Overcoming Stigma: Autism Spectrum Disorder
Autism Spectrum Disorder is a life-long disorder that is neurological and developmental. It impacts an individual’s ability to interact with others and learning. Autism Spectrum Disorder (ASD) encompasses a variety of developmental disorders including Asperger’s syndrome. Children can be diagnosed with ASD as early as two or three years old. This usually occurs when they don’t hit certain developmental milestones. Those with milder forms of ASD might not be diagnosed until adulthood, like in many cases of Asperger’s syndrome. Symptoms cover two general groups; difficulties with social communication (lack of consistent eye contact, slow to respond to verbal attempts to gain attention, conversational difficulties) and repetitive behaviors (repeating words/phrases, becoming overly focused on certain subjects, sensitivity to sensory input). Sleep problems and mood irritability are also often implicated in ASD.
Why is there a stigma surrounding ASD?
Historically, Autism Spectrum Disorders have carried a lot of stigma which has led parents and families to keep their children from getting a diagnosis or the treatment they might need. Families often face a lot of stigma and isolation when it comes to autism, usually due to misconceptions and a general lack of knowledge regarding the disorder. There was a time when people believed that one of the causes of ASD was poor parenting. This has long been disproved and research shows that the causes are much more complicated and due to a combination of genetic and developmental differences. Along with differences in neurology and brain circuitry, those with ASD also might experience gastrointestinal disorders, epilepsy or sleep disorders.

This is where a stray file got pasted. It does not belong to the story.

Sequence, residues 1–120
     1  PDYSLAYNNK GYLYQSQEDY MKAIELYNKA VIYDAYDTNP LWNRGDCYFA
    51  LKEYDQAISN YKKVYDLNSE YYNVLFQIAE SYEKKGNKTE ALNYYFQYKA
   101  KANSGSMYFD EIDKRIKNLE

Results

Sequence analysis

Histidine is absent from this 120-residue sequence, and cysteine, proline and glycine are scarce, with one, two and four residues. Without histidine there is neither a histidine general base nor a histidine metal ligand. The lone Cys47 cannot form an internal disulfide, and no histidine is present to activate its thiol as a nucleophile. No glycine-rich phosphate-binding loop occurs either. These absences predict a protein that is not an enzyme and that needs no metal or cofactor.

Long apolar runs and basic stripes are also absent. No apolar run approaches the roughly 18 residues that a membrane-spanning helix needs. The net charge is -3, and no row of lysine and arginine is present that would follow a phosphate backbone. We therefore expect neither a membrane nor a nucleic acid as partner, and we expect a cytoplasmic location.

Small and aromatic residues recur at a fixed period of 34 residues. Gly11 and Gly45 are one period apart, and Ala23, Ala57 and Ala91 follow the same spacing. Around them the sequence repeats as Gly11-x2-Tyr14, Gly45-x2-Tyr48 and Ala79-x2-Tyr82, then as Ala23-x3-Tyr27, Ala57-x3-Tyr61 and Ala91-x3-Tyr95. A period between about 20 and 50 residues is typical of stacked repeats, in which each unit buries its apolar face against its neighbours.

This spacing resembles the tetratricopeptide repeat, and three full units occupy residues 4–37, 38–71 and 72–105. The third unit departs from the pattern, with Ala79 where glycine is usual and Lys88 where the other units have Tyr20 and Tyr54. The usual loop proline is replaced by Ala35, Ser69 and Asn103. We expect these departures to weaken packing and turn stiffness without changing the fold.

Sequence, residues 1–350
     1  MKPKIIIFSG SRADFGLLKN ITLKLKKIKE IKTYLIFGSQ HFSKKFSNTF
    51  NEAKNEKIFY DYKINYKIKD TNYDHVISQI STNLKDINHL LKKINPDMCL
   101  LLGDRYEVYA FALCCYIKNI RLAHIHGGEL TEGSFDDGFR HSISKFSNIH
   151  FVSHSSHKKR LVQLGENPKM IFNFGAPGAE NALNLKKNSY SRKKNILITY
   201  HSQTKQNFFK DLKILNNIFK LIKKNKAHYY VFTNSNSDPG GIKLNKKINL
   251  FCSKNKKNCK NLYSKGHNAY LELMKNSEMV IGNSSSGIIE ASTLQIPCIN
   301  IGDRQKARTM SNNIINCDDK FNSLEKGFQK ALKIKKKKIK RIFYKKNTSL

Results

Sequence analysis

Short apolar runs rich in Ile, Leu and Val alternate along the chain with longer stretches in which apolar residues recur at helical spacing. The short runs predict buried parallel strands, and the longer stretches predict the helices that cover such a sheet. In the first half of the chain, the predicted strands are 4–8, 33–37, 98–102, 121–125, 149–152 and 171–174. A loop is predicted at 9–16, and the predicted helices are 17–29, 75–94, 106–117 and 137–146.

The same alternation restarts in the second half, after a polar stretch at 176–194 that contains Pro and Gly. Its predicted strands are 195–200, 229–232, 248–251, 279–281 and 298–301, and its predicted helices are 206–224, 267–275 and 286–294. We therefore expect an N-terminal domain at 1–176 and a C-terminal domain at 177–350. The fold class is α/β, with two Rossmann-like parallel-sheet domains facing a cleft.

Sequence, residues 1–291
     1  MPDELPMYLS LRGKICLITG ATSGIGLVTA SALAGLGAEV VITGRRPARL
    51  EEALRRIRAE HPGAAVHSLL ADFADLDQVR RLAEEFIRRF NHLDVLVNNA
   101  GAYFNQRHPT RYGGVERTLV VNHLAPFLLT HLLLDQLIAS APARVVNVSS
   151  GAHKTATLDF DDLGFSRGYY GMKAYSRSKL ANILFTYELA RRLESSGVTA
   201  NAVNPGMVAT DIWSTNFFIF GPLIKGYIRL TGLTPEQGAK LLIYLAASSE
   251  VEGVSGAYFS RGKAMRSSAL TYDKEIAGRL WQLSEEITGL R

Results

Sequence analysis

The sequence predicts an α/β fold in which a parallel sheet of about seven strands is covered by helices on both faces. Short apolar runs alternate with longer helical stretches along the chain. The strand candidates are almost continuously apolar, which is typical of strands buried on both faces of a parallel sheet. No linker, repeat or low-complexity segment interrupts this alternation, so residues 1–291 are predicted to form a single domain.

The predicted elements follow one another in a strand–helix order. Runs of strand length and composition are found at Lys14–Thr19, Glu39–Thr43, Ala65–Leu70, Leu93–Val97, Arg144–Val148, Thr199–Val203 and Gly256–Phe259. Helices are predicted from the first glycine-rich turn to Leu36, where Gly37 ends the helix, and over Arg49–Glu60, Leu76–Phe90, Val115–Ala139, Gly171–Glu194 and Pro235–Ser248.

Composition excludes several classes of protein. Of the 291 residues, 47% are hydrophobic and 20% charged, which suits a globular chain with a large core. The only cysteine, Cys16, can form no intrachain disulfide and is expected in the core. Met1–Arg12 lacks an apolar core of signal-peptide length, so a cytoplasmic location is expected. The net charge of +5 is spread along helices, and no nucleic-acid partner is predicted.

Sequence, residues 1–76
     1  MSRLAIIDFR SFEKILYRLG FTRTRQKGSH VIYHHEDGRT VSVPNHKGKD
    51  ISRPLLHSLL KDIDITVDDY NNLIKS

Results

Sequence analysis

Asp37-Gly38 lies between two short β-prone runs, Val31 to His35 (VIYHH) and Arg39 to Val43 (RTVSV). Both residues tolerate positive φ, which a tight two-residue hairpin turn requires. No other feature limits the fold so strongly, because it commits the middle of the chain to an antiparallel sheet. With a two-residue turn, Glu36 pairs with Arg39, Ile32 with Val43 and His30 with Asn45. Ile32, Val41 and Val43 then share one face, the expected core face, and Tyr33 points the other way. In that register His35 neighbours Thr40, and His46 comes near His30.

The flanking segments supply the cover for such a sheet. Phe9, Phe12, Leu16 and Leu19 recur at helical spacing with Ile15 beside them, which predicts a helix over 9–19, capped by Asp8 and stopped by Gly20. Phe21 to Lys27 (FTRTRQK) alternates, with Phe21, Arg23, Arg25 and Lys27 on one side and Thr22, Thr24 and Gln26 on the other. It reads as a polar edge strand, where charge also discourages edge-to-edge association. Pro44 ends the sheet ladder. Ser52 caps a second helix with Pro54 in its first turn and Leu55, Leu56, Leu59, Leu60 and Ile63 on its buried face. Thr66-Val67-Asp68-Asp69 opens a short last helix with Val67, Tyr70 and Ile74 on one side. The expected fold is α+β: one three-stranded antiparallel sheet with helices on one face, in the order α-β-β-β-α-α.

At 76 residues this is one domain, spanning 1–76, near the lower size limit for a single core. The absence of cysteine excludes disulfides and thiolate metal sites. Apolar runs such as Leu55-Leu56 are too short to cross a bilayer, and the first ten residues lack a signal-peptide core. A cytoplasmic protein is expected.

Many families and parents of children with ASD face this stigma head on by explaining the disorder to others or by explaining that their child’s brain works differently. Increasing awareness and acceptance can do wonders for the children who are living with it every day. The earlier that people with ASD are diagnosed and treated, the sooner they can get therapy and develop coping skills.
Treating Autism Spectrum Disorder
There are several medications and therapies that might help relieve some symptoms of ASD. Applied Behavior Analysis focuses on adjusting the behavior of children with ASD to help them develop skills that allow for better interactions. Several kinds of therapy are available that focus on different ways to help people with ASD. There are many different ways to address mental health disorders and each patient is different; therefore, it is beneficial to find the solution that works for your specific needs and mental health.
If you or someone you know is struggling with a mental health disorder, like depression or anxiety, please contact the professional team at Lifeline Connections. You can visit Lifelineconnections.org or call 360.397.8246 for more information.